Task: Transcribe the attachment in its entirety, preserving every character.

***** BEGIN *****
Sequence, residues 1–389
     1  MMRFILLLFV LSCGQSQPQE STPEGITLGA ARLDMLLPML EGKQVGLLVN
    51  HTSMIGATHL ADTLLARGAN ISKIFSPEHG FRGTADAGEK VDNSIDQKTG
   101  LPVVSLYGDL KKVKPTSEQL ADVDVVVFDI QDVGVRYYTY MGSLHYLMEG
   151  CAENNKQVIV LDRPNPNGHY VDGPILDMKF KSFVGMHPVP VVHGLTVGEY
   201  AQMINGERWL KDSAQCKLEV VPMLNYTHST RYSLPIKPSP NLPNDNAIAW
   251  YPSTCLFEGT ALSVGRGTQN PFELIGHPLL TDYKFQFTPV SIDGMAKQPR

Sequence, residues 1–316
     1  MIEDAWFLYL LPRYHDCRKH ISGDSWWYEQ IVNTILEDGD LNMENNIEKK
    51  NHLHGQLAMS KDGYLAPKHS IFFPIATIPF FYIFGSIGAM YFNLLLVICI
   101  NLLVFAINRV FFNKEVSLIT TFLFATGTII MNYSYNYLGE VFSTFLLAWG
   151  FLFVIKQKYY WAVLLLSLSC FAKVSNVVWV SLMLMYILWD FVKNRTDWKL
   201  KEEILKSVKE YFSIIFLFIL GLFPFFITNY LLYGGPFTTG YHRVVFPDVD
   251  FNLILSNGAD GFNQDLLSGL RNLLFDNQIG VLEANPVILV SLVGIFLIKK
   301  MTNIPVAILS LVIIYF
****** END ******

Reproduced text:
Sequence, residues 1–389
     1  MMRFILLLFV LSCGQSQPQE STPEGITLGA ARLDMLLPML EGKQVGLLVN
    51  HTSMIGATHL ADTLLARGAN ISKIFSPEHG FRGTADAGEK VDNSIDQKTG
   101  LPVVSLYGDL KKVKPTSEQL ADVDVVVFDI QDVGVRYYTY MGSLHYLMEG
   151  CAENNKQVIV LDRPNPNGHY VDGPILDMKF KSFVGMHPVP VVHGLTVGEY
   201  AQMINGERWL KDSAQCKLEV VPMLNYTHST RYSLPIKPSP NLPNDNAIAW
   251  YPSTCLFEGT ALSVGRGTQN PFELIGHPLL TDYKFQFTPV SIDGMAKQPR

Sequence, residues 1–316
     1  MIEDAWFLYL LPRYHDCRKH ISGDSWWYEQ IVNTILEDGD LNMENNIEKK
    51  NHLHGQLAMS KDGYLAPKHS IFFPIATIPF FYIFGSIGAM YFNLLLVICI
   101  NLLVFAINRV FFNKEVSLIT TFLFATGTII MNYSYNYLGE VFSTFLLAWG
   151  FLFVIKQKYY WAVLLLSLSC FAKVSNVVWV SLMLMYILWD FVKNRTDWKL
   201  KEEILKSVKE YFSIIFLFIL GLFPFFITNY LLYGGPFTTG YHRVVFPDVD
   251  FNLILSNGAD GFNQDLLSGL RNLLFDNQIG VLEANPVILV SLVGIFLIKK
   301  MTNIPVAILS LVIIYF